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The Project's Waleed Aly brutally mocked by Bassem Youssef: 'Trying too hard'

"He's trying too hard to be white, I'm so sorry, Waleed."

The Project's Waleed Aly was surprised on Tuesday night when his co-host Sam Taunton and Egyptian comedian Bassem Youssef made fun of the host for his sense of humour.

"Bassem, before we get into it, I was hoping you could help me clear something up," Sam began the interview. "Waleed here is Egyptian, and he tells me that Egyptian people are some of the funniest – famously funny – people in the world, but Waleed is kind of not the best case study for that."

The Project's Waleed Aly and Sam Taunton
The Project's Waleed Aly was surprised on Tuesday night when he was made fun of by Egyptian comedian Bassem Youssef. Photo: Ten

As Waleed and co-host Sarah Harris protested Sam's comments, he continued, "Is that true? Are Egyptian people notoriously very funny?"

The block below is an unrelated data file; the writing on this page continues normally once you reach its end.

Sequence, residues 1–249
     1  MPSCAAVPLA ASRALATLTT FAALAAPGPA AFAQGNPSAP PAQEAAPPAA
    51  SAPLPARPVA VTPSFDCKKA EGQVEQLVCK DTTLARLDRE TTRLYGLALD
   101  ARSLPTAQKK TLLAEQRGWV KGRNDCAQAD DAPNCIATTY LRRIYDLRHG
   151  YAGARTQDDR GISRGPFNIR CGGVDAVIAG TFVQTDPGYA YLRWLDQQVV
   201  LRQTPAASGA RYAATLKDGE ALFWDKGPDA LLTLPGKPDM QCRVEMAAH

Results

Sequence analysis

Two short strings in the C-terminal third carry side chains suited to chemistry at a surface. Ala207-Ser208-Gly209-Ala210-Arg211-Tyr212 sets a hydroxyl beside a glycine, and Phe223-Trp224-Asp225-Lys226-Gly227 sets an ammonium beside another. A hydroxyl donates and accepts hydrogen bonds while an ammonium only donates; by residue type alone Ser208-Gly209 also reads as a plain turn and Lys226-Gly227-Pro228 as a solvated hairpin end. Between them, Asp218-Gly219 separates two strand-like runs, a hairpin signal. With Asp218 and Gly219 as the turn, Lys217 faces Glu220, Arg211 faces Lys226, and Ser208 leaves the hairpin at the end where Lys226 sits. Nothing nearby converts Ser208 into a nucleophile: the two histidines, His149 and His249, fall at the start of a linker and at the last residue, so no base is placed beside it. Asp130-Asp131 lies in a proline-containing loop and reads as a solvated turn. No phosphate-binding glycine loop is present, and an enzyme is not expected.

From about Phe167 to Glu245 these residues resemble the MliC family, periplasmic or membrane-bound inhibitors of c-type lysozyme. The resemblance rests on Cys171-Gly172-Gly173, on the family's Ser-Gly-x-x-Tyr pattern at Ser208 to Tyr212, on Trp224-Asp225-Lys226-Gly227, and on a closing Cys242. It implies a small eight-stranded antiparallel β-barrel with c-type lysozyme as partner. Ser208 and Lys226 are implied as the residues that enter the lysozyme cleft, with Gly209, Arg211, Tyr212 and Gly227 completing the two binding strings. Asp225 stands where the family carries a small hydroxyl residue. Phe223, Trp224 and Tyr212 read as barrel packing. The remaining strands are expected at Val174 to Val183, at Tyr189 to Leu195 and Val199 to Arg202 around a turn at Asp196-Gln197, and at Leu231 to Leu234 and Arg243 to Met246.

"Yeah, we are, maybe except Waleed because he's just too white, I'm sorry," Bassem said cheekily. "He's trying too hard to be white, I'm so sorry, Waleed."

Bassem is a heart surgeon turned comedian who catapulted to fame with his satirical videos on Egyptian politics. He later went on to host his own satirical comedy show, Al-Bernameg (The Show in Arabic), and is known as the 'Jon Stewart of the Arab World'.

Bassem Youssef on The Project
Bassem Youssef enjoyed poking fun at Waleed. Photo: Ten

The comedian told SBS' The Feed this week that it's a "huge honour" to be compared to Jon, joking, "I think he's sick and tired of hearing my name with him in the same sentence."

"Being compared to him is a huge honour ... but I feel like this poor guy, he has this Egyptian leech!"


Speaking about his recent infamous interview with Piers Morgan about the Hamas-Israel war, where Bassem highlighted the 2014 ratio of 27 Palestinians killed for every one Israeli death, saying it's "a very good exchange rate", the comedian shared why satire is important to exaggerate reality and hold up a mirror to society.

"I guess if you're going to kill 10, I'll have to kill a hundred," he said. "Even the person with the most radical approach will stop for a second, like, ‘Wait, I don't want to go that far.'"

Yahoo Australia

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